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A UK audit by the paediatric department at Birmingham Heartlands Hospital, published in the Archives of Disease in Childhood in November, found instances where abbreviations used had caused confusion because they had multiple interpretations.
For example, “TOF” could be taken to mean “tetralogy of Fallot” or “tracheo-oesophageal fistula” – two completely different conditions.
When presented with a selection of abbreviations, the study authors found paediatricians agreed on the interpretation of 56–94%, while other healthcare professionals recognised only 31–63%.
The authors also found that the use of abbreviations was inconsistent – 15% of the abbreviations used in medical notes appeared in the hospital’s intranet dictionary while 17% appeared in a medical dictionary used by paediatric secretaries.
The MDU, which defends members’ reputations when their clinical performance is called into question, advises doctors to use only the abbreviations oracronyms that are unambiguous and approved in their practice or hospital.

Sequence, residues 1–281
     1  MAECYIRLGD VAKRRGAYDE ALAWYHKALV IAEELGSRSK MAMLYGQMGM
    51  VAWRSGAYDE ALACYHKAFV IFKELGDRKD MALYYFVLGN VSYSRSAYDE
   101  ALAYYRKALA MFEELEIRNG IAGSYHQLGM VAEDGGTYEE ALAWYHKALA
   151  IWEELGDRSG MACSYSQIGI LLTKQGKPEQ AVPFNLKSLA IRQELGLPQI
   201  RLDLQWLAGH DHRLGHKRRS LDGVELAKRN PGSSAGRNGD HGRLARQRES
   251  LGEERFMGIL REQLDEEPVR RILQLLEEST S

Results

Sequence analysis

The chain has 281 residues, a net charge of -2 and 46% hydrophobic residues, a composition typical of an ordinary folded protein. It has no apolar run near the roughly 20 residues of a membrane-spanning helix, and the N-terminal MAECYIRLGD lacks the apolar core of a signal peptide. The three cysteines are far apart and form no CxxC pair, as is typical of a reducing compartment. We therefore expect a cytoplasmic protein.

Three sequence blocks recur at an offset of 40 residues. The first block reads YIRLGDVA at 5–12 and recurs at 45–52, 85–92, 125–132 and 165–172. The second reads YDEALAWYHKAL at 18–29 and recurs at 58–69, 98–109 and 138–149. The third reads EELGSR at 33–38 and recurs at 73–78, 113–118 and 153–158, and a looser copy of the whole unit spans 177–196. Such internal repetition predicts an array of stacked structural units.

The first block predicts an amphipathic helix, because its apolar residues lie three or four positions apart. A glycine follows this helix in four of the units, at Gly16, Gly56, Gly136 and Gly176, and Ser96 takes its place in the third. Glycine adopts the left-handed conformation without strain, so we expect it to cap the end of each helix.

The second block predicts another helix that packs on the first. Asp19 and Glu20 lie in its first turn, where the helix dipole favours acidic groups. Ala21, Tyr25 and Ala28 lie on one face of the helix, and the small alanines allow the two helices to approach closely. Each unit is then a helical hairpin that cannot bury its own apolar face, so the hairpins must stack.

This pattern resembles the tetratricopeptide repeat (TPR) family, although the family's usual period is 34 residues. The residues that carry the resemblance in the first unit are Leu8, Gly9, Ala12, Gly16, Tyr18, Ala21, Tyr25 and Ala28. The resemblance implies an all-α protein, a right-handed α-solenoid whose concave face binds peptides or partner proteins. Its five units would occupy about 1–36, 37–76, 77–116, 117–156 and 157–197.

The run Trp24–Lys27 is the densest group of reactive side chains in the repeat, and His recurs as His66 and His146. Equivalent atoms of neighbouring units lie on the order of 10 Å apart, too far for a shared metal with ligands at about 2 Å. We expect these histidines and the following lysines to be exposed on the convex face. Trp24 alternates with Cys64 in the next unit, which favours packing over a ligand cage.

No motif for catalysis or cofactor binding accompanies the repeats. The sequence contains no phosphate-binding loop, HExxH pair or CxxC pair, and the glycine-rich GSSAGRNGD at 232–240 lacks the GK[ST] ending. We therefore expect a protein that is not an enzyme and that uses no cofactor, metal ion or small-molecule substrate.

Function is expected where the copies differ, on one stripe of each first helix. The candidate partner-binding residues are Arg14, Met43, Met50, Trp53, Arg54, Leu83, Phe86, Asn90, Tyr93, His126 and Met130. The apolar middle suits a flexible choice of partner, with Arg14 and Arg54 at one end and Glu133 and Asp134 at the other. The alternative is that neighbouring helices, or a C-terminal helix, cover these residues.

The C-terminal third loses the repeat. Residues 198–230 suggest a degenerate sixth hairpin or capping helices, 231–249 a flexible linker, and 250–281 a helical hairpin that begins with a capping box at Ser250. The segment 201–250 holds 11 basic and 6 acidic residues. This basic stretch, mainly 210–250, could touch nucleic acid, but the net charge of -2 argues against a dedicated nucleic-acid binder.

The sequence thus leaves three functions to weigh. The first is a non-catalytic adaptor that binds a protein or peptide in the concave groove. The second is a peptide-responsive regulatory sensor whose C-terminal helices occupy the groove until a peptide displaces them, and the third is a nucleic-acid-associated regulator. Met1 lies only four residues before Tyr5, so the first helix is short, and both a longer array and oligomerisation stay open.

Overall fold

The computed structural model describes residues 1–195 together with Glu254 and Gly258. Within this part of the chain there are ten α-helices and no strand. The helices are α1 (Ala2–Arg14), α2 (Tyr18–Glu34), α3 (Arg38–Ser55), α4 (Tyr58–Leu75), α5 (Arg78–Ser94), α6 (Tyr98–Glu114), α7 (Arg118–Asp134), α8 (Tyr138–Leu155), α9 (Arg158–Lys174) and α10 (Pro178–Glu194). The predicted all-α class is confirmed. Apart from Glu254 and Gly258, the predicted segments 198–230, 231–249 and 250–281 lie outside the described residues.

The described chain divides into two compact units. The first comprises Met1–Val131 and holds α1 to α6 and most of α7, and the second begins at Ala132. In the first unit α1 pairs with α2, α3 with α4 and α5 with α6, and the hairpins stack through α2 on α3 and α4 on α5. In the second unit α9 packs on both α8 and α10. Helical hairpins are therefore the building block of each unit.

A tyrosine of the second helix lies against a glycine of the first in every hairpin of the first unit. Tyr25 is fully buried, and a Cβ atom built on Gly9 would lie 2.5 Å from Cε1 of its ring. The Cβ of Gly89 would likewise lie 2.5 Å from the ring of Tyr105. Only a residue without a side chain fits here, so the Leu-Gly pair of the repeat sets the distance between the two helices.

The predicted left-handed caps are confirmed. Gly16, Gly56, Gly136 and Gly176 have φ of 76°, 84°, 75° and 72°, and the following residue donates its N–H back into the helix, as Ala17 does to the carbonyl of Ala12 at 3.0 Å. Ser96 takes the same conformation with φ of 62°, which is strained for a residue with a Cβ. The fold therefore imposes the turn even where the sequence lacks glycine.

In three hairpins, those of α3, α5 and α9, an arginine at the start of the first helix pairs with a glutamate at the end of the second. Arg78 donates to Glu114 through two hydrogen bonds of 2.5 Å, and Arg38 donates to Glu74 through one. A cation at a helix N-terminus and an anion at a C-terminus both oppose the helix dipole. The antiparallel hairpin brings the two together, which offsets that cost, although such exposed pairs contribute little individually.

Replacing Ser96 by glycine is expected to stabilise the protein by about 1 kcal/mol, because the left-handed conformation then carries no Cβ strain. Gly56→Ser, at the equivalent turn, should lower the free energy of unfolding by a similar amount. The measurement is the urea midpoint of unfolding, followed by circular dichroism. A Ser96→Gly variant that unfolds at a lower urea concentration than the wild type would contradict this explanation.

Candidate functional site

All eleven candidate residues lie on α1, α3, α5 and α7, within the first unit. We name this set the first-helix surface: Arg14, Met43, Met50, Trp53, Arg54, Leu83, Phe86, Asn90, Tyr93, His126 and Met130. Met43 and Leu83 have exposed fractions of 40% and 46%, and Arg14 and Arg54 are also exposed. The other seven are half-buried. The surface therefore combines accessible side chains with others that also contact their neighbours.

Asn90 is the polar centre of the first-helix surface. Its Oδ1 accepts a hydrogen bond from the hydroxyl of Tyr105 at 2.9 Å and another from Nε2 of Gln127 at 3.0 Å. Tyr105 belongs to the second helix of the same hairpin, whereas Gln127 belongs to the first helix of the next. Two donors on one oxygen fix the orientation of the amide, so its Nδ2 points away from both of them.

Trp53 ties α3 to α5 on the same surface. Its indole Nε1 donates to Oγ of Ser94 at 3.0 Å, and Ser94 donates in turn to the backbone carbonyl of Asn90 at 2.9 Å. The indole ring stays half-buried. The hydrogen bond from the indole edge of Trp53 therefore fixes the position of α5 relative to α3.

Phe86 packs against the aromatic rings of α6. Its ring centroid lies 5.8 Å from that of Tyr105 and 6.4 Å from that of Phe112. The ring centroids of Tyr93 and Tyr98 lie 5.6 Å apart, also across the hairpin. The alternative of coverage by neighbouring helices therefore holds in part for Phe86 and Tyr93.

MDU medicolegal adviser Dr Sally Old said: “Abbreviations can cause confusion and risk patient safety.
“In one instance a diabetic patient was given a dose of 61 units of insulin because the notes saying six international units – 6IU – were misinterpreted.
“Thankfully, the error was spotted.”
She said clear, concise communication was essential, particularly when care was provided by multidisciplinary teams.
Kevin Cleary, of the UK’s National Patient Safety Agency, said:
“Abbreviations in clinical notes, prescriptions and treatment charts should be kept to an absolute minimum. They cause confusion and present a risk to patients.
“The NPSA is aware of at least one patient death in the last 12 months where abbreviations were a contributory factor.
“In response to this incident, involving chemotherapy, we will be issuing guidance later this month on clear communication of treatment protocols.”